What are the benefits of hiring a recruiter to find a job?
Under certain circumstances, hiring a recruiter can provide benefits to job-hunting candidates. Whether you’re looking to change careers or find a job with a specific company, headhunters can provide valuable assistance, information and encouragement.
Here are some of the benefits recruiters offer:
- Contact with an expanded network of employers in your field
- Help building a resumé and cover letter
- Help tailoring that resumé and cover letter for individual employers
- Hours of saved time searching job boards, submitting applications and corresponding with hiring managers
- Access to positions that aren’t posted on public, online job boards
- Interview preparation services
- Valuable insights about the state of the current job market
A helpful recruiter serves as an advocate during your job hunt, simplifying the hiring process and improving your application’s visibility to potential employers.
Who should consider reaching out to a recruiter?
Recruiters can be just as helpful to job seekers as they are to companies looking to fill job openings. If you’re considering hiring a recruiter, several factors can make you a more attractive candidate, including your skills, market and current employer.
Candidates seeking executive or managerial roles
After helping you find a job, many headhunters are paid a percentage of your starting salary for an agreed-upon length of time. This means that while they can help almost anyone find a career, they often prefer to work with candidates seeking higher-level roles that command higher salaries.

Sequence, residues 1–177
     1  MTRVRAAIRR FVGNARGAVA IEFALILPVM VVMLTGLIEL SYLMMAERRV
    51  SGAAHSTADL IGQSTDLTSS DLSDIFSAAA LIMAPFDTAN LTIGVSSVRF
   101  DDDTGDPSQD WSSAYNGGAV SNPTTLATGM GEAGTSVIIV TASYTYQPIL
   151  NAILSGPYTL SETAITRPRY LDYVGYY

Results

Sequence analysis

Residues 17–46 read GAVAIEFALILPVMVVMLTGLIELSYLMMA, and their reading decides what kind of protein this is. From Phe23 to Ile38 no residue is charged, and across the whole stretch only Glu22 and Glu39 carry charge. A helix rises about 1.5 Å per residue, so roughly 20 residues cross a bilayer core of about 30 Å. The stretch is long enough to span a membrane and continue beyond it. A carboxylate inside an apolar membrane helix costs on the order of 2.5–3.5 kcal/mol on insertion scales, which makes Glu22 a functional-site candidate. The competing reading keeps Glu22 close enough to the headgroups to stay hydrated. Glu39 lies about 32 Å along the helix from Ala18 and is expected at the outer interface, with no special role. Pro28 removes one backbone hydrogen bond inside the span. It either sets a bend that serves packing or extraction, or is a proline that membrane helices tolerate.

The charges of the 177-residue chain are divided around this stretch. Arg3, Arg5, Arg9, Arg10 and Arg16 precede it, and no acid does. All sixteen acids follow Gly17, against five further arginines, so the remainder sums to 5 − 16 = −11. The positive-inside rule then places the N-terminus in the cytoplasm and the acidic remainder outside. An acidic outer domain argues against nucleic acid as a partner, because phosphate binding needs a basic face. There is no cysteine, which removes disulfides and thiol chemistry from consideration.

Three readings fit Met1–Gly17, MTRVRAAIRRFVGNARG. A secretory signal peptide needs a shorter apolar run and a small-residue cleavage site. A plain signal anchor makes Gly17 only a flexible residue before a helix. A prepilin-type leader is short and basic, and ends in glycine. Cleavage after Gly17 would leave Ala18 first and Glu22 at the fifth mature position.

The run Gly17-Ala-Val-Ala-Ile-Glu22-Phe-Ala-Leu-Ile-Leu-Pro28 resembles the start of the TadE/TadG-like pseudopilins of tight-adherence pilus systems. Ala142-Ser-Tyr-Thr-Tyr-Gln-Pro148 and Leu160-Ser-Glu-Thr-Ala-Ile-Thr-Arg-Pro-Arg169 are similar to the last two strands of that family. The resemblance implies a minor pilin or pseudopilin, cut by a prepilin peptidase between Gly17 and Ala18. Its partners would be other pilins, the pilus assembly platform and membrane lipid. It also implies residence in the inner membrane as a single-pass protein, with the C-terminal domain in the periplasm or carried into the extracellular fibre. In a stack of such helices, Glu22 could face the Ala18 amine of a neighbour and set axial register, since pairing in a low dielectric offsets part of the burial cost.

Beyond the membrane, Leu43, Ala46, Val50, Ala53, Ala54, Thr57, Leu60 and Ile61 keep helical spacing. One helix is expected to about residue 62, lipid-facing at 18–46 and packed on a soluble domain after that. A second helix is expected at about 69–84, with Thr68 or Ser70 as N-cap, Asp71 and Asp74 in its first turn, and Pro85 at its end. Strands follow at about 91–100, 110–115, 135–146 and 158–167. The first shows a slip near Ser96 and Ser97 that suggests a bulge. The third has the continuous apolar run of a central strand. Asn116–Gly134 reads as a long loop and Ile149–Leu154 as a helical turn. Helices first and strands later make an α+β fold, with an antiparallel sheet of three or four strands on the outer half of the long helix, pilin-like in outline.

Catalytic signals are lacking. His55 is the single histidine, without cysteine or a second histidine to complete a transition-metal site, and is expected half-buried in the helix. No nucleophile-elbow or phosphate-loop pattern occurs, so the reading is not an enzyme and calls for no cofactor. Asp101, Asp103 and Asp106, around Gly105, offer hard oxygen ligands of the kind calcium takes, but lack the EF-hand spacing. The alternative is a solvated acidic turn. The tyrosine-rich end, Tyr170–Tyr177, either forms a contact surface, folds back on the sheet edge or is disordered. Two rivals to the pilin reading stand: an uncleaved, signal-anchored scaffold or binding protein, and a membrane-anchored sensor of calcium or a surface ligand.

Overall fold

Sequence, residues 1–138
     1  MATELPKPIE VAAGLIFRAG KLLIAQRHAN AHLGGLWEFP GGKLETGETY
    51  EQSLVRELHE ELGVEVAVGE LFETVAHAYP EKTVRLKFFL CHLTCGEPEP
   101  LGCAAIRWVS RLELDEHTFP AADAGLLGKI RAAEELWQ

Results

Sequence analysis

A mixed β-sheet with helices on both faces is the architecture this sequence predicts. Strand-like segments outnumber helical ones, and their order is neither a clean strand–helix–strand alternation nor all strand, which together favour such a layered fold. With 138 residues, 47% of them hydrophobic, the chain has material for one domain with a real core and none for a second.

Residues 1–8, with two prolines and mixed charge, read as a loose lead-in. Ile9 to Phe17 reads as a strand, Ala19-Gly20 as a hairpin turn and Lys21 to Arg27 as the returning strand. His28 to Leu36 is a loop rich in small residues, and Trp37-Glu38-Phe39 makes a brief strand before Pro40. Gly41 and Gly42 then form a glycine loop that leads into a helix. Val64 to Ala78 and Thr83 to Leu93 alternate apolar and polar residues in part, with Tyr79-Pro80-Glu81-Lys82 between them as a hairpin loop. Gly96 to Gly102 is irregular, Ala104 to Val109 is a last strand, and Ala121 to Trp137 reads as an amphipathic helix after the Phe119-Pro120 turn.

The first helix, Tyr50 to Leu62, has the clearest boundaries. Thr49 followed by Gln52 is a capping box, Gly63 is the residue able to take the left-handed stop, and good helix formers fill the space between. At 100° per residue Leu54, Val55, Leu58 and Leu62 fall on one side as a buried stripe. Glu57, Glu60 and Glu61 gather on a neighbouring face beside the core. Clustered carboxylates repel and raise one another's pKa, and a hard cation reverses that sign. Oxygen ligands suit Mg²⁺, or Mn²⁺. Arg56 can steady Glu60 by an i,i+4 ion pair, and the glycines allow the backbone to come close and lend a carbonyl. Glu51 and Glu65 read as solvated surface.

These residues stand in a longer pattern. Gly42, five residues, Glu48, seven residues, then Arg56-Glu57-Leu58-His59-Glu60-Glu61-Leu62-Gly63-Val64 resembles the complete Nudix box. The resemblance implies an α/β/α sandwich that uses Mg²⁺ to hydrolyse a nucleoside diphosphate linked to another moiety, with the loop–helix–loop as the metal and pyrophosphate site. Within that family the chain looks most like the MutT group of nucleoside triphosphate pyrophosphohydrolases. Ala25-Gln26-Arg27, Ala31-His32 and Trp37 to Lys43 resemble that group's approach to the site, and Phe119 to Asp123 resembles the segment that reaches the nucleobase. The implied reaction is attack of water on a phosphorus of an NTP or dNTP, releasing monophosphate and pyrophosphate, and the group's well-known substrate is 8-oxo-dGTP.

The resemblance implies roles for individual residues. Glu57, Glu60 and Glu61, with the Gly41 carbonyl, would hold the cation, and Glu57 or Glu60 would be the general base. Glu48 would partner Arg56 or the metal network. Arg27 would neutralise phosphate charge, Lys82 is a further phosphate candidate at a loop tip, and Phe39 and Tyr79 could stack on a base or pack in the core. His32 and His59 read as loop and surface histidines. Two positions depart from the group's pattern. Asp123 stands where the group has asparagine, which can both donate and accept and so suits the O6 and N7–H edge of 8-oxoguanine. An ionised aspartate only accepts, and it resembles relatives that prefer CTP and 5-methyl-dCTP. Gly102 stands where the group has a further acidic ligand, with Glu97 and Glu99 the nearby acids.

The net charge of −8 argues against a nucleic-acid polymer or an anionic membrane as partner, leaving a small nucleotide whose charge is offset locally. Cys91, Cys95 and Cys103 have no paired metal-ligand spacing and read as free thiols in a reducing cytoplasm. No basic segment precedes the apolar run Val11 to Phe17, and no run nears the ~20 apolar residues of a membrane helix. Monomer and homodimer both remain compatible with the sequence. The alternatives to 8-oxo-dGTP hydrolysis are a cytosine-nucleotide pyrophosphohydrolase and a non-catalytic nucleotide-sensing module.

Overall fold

Some also prefer to work with experienced candidates because of their familiarity with a specific market. For example, a healthcare recruiter might look for healthcare employees seeking executive-level positions since they are already familiar with the companies, industry challenges and experience required for certain roles.
Candidates with very specialized skills
Candidates with specialized skills are also attractive to job recruiters seeking clients. Your skills in a particular field will make you appear more valuable to your future company, which often makes it easier for recruiters to find you an employer. Differentiating skills can make a headhunter’s work much easier.
Recruiters also prefer candidates with specific credentials. For example, people with a master’s degree typically have a strong work ethic, developed skills and several years of experience in their field. Candidates with a doctoral degree are often even more qualified.
Recruiters typically look for candidates with a good combination of skill and experience. For example, candidates with a bachelor’s degree who also have career-relevant job skills like SEO and digital marketing are often attractive clients for a job recruiter.
Candidates in fields with talent shortages
Other candidates are particularly appealing to job recruiters because of the industry they work in. If your industry is experiencing a labor shortage, in which the demand for workers is greater than the supply, a recruiter will typically want to work with you.
Labor shortages currently affect several major markets, including healthcare, hospitality and manufacturing. Industries like retail, finance and professional services are also struggling to fill openings. While labor shortages create real problems for companies, they create opportunities for job candidates. Job recruiters can help candidates in fields with talent shortages to find open positions right for them.
Candidates in search of consultant or contractor roles
Some job recruiters are trained to partner with candidates seeking consulting or contract roles, including part-time work and opportunities with companies in specialized fields.
Recruiters who specialize in this job market may share many of the same traits with recruiters who collaborate with full-time candidates, but they may also have a different working knowledge of the job market. Their network, skills and entire process focus on helping candidates who operate within the niche consultant or contractor market.